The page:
Jared Loughner, 22, was charged with one count of attempted assassination of a member of Congress and four other charges.
Congresswoman Gabrielle Giffords, who was shot in the head in an assassination attempt that killed six others, is able to respond to doctors’ commands, a surgeon said last night.
Dr Michael Lemole, who is treating 40-year-old Ms Giffords in Arizona, told a news conference she is able to communicate.
Outside of the hospital, candles flickered at a makeshift memorial as well-wishers prayed for the congressman’s recovery.
Giffords, a member of President Barack Obama’s Democratic Party, was shot on Saturday as she met with constituents at a Tucson supermarket.
Six others were killed and 14 were wounded.
Dr Lemole said the gunshot went through the left side of her head and surgeons worked to reduce pressure from swelling in the brain by removing bone fragments.
Doctors said they were “very, very encouraged” by Giffords’ ability to respond to simple commands along with their success in controlling her bleeding.
Surgeons said she was able to respond to commands such as squeezing a hand or showing two fingers. They credited several reasons for her survival, including good luck and the fact paramedics got her to surgeons quickly — in under 40 minutes.
The medical prognosis came as authorities investigated the motivation of the gunman.
The gunman also fired at her district director and shot indiscriminately at staffers and others standing in line , said Mark Kimble, a communications staffer for the congresswoman.
“He was not more than three or four feet from the congresswoman and the district director,” Kimble said, describing the scene as “just complete chaos, people screaming, crying”.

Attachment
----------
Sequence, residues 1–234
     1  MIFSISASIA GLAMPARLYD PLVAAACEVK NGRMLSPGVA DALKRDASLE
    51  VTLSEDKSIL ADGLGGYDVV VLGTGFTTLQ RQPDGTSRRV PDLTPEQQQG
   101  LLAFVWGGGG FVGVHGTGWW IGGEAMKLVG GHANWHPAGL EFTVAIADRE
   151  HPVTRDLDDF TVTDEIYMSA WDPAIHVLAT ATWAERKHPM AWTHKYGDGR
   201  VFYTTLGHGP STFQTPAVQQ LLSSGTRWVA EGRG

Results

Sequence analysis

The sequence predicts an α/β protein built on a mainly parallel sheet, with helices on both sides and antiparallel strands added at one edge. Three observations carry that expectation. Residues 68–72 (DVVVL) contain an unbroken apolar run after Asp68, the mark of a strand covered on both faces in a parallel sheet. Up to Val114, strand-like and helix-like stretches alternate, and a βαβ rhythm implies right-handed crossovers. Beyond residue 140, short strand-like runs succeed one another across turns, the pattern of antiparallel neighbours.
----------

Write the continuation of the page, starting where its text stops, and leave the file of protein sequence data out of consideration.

One of the victims was nine-year-old Christina Taylor Green, who was a member of the student council at her local school and went to the event because of her interest in government. She is the granddaughter of Dallas Green, the former manager of the Philadelphia Phillies major league baseball team.
She was born on 9/11.
Police said the gunman was in custody, and was identified as Jared Loughner, 22.
His motivation was not immediately known, but Pima County Sheriff Clarence Dupnik described him as mentally unstable and possibly acting with an accomplice.
Sherrif’s Deputy Jason Ogan said last night a second man has been cleared of any involvement in the shooting. The man was a cab driver who drove the gunman to the grocery store. The driver went into the store because the gunman hadn’t paid his fare. Ogan said, “The cab driver came by, and we determined he was not involved.”
He also said authorities were not ready to say if they are confident the gunman acted alone.
The assassination attempt left Americans questioning whether divisive politics had pushed the suspect over the edge.
Giffords faced frequent backlash from the right over her support of healthcare reform last year, and had her office vandalised the day the House of Representatives approved the landmark measure.
Dupnik lashed out at what he called an excessively “vitriolic” atmosphere in the months leading up to the rampage.
The sheriff said the rampage ended only after two people tackled the gunman.
“He was definitely on a mission,” according to event volunteer Alex Villec, a former Giffords intern.
Attorney General Eric Holder said that FBI director Robert Mueller was travelling to Arizona to help co-ordinate the investigation.
In a brief statement House Speaker John Boehner said flags on the House side of the Capitol in Washington will be flown at half staff to honour Giffords’ slain aide, Gabe Zimmerman.
A shaken President Barack Obama called the attack “a tragedy for our entire country”.
The House of Representatives has called off proceedings in Washington for the upcoming week.